Is your toddler ready for potty training?
Ready to ditch diaper duty… I feel ya! Having two in diapers is tough. The idea of potty training Emmy has been floating around for a while. There is not question that I am ready for her to use the big girl potty, but is she?
One of the best things my mom has told me in one of our “how do you parent” conversations is to lead and teach my daughters by example. If I don’t want them spending hours in front of a mirror one day, don’t stand in front of the mirrors for hours in front of a mirror.
Sounds like the same goes for potty training! Experts say that toddlers (no matter what age), show signs that they are ready to potty train, and one way to help reinforce this big change is to let them see you going potty.
This has been the easiest task, it’s not like I actually have a choice. Emmy follows me into the bathroom like it’s her life duty. So now, I talk to her about what I am doing in hopes it will help her. Please don’t judge me for this, but I may even say a little cheer for myself every time I go in hopes it will help. Emmy cheers for me now too 🙂
I have a friend who is a mother of 4 boys, and she didn’t even have to try to potty train her 4th boy before he picked it up all on his own, because he was running around doing everything his big brothers did, including going potty. When he was ready he just copied what his brothers were doing and Voila!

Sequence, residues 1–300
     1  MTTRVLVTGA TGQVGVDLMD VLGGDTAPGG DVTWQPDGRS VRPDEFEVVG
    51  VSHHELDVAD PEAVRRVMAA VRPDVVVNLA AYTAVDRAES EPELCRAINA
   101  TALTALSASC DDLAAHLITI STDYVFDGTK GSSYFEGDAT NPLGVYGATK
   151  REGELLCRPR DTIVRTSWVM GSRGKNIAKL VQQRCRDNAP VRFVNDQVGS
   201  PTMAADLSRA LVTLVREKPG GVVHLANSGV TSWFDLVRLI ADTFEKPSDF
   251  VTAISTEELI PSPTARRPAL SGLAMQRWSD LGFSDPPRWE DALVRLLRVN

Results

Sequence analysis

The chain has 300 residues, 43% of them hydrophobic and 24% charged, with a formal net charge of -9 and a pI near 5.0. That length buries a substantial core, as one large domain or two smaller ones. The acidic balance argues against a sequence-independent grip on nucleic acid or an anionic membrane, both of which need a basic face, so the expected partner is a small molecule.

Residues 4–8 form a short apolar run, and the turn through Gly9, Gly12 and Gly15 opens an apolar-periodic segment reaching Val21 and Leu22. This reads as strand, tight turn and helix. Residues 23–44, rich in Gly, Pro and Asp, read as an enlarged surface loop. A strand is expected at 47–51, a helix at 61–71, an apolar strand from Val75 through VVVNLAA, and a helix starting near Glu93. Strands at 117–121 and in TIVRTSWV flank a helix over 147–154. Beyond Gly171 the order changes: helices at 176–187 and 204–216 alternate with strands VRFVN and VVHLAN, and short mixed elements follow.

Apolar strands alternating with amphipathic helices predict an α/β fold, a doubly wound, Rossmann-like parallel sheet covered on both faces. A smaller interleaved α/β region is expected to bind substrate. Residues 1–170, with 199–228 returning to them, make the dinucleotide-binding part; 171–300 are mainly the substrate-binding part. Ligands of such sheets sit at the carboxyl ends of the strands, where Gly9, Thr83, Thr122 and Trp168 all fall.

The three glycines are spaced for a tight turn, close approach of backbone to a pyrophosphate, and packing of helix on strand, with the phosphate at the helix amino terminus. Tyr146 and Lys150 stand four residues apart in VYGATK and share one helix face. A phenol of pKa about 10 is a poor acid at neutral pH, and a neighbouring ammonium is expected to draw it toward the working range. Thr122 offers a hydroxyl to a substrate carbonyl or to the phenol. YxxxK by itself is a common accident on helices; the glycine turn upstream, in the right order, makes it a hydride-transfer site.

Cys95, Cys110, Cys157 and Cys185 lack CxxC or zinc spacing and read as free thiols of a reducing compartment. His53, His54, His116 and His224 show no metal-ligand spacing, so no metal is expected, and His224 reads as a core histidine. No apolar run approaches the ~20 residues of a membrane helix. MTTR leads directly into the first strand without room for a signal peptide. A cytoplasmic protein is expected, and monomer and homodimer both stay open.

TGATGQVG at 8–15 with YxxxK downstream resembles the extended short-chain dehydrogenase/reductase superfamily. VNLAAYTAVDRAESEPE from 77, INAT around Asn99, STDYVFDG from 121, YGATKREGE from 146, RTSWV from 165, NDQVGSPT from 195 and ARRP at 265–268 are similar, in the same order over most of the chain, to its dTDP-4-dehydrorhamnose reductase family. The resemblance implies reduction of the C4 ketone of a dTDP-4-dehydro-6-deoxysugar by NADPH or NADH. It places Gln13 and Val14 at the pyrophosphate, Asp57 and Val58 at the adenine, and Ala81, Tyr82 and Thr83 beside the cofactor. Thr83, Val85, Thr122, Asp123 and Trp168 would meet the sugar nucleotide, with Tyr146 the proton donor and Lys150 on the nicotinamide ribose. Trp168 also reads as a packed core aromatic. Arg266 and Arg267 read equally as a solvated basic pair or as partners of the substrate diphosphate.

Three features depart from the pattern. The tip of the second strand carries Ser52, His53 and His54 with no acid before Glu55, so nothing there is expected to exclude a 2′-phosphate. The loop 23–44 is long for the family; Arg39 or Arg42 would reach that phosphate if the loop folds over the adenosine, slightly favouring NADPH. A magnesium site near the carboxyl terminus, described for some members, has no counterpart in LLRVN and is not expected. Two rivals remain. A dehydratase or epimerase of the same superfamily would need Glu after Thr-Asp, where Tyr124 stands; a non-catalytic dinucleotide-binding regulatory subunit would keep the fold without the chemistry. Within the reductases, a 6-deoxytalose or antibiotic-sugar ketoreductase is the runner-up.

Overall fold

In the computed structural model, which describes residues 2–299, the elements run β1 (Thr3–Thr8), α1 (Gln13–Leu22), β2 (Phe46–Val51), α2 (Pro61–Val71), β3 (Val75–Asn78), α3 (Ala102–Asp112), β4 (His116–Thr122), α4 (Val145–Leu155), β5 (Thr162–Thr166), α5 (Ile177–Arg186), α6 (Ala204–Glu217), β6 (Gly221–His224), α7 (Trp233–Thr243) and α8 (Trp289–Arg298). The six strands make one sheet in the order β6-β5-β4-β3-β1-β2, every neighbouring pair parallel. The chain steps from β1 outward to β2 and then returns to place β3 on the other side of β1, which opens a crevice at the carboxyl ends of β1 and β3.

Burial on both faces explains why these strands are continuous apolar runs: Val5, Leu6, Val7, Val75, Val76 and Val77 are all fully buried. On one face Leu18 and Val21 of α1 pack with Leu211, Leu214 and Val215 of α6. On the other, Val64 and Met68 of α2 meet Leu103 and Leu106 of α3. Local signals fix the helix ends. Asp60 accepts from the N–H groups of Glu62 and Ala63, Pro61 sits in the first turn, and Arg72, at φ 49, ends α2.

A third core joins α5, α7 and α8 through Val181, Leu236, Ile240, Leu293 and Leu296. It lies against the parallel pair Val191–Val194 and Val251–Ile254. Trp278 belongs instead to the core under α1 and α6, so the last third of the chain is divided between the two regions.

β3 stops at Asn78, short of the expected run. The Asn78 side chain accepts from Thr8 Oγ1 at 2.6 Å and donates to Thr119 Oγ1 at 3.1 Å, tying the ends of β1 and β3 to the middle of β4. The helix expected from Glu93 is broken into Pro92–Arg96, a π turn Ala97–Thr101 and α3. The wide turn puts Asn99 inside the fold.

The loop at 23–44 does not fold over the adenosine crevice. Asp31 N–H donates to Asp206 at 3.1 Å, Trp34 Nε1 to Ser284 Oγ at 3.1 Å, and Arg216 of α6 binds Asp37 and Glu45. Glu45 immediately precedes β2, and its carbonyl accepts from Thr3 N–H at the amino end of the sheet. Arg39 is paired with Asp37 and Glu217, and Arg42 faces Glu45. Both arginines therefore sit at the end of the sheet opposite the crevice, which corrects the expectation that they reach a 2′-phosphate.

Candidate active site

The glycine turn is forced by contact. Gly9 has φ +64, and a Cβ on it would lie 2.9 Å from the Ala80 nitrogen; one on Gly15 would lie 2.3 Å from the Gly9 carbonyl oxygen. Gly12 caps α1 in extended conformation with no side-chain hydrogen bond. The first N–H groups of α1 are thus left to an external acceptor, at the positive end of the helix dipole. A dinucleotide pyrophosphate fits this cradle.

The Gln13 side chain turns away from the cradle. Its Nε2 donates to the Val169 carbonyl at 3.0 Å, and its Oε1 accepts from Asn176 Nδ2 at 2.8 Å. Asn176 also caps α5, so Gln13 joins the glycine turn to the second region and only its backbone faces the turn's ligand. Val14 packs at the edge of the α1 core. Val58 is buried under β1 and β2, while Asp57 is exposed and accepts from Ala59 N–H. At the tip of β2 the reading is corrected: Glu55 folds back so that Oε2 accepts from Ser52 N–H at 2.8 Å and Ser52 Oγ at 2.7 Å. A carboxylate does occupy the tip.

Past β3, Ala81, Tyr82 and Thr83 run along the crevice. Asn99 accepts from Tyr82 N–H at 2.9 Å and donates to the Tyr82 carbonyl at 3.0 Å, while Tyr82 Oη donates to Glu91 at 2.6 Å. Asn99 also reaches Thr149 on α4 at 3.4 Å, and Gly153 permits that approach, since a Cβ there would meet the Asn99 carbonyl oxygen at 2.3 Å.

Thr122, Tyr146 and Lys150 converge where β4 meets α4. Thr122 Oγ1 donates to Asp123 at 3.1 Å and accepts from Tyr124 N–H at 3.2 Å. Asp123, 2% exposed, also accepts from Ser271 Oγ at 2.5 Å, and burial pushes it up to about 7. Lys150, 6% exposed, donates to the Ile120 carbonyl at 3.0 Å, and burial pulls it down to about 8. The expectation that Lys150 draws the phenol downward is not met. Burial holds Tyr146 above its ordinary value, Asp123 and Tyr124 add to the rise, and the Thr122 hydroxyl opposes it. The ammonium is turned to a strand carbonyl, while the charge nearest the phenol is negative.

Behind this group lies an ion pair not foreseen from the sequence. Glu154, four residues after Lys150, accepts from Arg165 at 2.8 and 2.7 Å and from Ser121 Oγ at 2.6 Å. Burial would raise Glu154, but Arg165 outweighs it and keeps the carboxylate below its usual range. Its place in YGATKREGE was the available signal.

If you aren’t one of the lucky and blessed mothers of 4 boys, don’t worry! Your little one will show you signs when they are ready. Here are a few to look for:
- They’ll start talking about going potty, telling you they need to go, or telling you that they already went.
- They’ll also start staying dry for several hours at a time and have predictable bowel movements.
- They may ask for a dirty diaper to be changed.
- Showing an overall general interest in the bathroom.
These signs can start to appear anywhere from 18 months to 3 years of age. It just depends when they develop certain emotional and physical traits, with boys tending to be ready a little bit later than girls.
Once you feel like your little one is ready, I encourage you to reach out to your moms friends for pointers. While every child is different, I always think it’s wise to try to pick up tips where you can. For example, one of my mom friends uses a water bottle to make her daughters “baby” go potty on the toilet to make her daughter feel more comfortable. I loved that idea! While I’m not sure if it will work for us, it’s at least one more trick in my pocket to try.
We’ll keep you posted on our potty training journey!
By the way: we’re following along with the tactics in this book! We’ve heard from so many other parents that it leads to success!
If you’ve got a toddler at home, you may love some of these crafts and activities: